His 3- to 3-1/2 hp New Way dates to the early teens of the last century. “I bought it about 20 years ago,” he says. “My brother and I went to Connecticut to find engines, and while we were there we stopped at a collector’s house and bought six.”

The New Way is a fairly common engine, he says, but his has its share of quirks. “It has an octagonal spoke flywheel, a muffler with a diamond pattern and a casting marked 1906,” he says. “It’s the only one I’ve ever seen with all three things.” The engine was originally equipped with a metal shroud, but Steve likes the look of the casting and set the shroud aside.

Steve and his brother Mike fell in love with old engines in their early 20s. “We decided we’d better go get some then,” he says, “because they’re not going to get any cheaper.” Reasoning that their options were better in the north, they set out on missions to New York and Connecticut from their homes in North Carolina.

Today, Steve mutters unconvincingly, “I’ve got too many of these things.” But he and his brother are regulars at the Portland show, and neither seems inclined to reduce his collection. They’d probably be there even if they didn’t have an engine between them. “Most of these shows are not about the engines,” Steve says. “They’re about the people.”

The power of hot air

An Economy hot air pumping engine built in 1902 by Thomas & Smith, Chicago and New York City was running smoothly at the Portland show. Used to pump water on a stock farm on days too still for the windmill to turn, the Economy is owned by the Yoder family, Plain City, Ohio.

The single-cylinder engine has two pistons, one to receive and transmit power, the other to transfer air from one end of the cylinder to the other. Water passes through the upper end of the cylinder en route from the well to a tank, keeping the upper end of the cylinder cool while the lower end is exposed to heat. Once the lower end of the cylinder is hot, the engine is started by hand by turning the flywheel.

The engine, which is original except for a shroud on the burner, was likely designed for urban use. It could have been used in a house where there was a cistern in the basement and a tank in the attic or in a bath house in the neighborhood.

The Economy can be run on anything that will generate heat. The Yoder’s is natural gas-fired, and it’s not vented.

Just seven Thomas & Smith engines are known to exist. Little is known about this company, which may not have been in business for more than 10 or 15 years. FC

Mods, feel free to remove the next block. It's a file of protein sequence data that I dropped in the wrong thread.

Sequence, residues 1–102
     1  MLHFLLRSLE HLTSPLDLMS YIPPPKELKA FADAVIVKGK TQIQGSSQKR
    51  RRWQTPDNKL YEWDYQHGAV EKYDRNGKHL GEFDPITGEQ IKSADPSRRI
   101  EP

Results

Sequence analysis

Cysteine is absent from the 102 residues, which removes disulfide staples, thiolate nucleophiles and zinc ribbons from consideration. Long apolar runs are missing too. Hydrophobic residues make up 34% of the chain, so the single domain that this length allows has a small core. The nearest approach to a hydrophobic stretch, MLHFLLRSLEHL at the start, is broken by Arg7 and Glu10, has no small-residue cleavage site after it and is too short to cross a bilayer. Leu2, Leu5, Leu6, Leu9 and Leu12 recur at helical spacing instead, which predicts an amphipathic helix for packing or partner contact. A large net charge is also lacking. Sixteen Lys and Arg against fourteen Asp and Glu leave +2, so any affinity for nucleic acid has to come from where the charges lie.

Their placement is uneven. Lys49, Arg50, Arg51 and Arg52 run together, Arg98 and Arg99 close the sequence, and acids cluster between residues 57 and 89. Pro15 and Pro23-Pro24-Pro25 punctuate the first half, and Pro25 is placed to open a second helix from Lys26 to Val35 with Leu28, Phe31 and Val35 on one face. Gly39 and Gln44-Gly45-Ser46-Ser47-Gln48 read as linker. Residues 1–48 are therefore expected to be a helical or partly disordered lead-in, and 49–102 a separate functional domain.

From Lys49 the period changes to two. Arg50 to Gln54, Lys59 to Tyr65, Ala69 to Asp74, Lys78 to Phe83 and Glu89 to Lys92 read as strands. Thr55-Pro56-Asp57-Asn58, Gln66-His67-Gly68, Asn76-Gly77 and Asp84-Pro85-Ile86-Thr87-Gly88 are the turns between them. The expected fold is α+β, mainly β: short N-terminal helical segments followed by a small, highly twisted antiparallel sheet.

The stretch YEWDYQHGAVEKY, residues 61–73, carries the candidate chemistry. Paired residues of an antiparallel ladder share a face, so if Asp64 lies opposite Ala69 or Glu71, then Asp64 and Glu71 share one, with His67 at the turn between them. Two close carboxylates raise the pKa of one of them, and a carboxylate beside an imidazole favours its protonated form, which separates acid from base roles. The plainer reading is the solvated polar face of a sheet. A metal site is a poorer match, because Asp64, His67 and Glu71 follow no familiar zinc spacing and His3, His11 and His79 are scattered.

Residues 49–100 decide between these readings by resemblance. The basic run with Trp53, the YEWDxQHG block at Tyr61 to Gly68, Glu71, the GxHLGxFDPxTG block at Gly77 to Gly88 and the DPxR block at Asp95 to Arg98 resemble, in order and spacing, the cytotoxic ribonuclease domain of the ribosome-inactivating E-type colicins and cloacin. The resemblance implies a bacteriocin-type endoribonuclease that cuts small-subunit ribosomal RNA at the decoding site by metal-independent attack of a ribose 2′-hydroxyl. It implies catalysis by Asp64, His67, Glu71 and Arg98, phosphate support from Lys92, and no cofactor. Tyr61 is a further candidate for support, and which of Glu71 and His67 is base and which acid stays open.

Seeing red at 2016 Portland show

The feature at the 2016 Portland show – International Harvester – turned the show grounds red. Collectors from all over the upper Midwest hauled in a huge variety of pieces, ranging from memorabilia in glass cases to mammoth tractors. Among the showing were these crowd-pleasers:

Super A
This 1948 International Super A Industrial was converted to a fire truck tractor by the General Motors Engineering Group for use in a GM plant in Dayton, Ohio. It is owned by Doug and Paul Tieman, Amelia, Ohio.
Photo by Leslie C. McManus

Deering motot cultivator
A 1918 McCormick-Deering motor cultivator owned by Kenneth and Marcella Doherty, Geneva, Ind.

Photo by Leslie C. McManus

international truck
A vintage International truck from the Kelch collection.

Photo by Leslie C. McManus

titan 30-60
A Titan 30-60 owned and restored by Wendell Kelch, Bethel, Ohio.

Photo by Leslie C. McManus

reverse tractor
1907 International Harvester 20 hp friction drive/friction reverse tractor owned by Glenn and Janis Wickham, Upper Sandusky, Ohio.

Photo by Leslie C. McManus


For more information: Tri-State Gas Engine & Tractor Assn., 1010 N. Morton St., Jay County Fairgrounds, Portland, IN 47371. 52nd annual show, Aug. 23-26, 2017. Feature: Oliver-Hart Parr tractors and Indiana engines. Email: tristategasengine@gmail.com;
52nd annual show, Aug. 23-26, 2017;
online at www.tristategasenginetractor.com.

Leslie McManus is the senior editor of Farm Collector. Contact her at LMcManus@ogdenpubs.com.